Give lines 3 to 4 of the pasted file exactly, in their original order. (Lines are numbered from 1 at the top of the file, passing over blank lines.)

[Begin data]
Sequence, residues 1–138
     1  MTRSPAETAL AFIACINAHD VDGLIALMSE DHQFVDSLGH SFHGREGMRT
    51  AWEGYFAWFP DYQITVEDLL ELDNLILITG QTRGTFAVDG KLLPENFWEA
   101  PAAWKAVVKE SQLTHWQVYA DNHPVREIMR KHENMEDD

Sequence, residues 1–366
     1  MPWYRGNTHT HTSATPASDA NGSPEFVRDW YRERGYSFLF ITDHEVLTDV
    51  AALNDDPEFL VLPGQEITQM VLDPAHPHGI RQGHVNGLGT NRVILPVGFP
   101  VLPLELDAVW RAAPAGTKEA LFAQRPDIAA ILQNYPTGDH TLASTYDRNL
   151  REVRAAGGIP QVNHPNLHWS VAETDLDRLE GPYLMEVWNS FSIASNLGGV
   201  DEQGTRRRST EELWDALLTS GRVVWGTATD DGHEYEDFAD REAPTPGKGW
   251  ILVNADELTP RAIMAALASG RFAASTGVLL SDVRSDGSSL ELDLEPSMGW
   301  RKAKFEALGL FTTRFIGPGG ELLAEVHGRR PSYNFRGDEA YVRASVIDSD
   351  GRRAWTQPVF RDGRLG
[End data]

    51  AWEGYFAWFP DYQITVEDLL ELDNLILITG QTRGTFAVDG KLLPENFWEA
   101  PAAWKAVVKE SQLTHWQVYA DNHPVREIMR KHENMEDD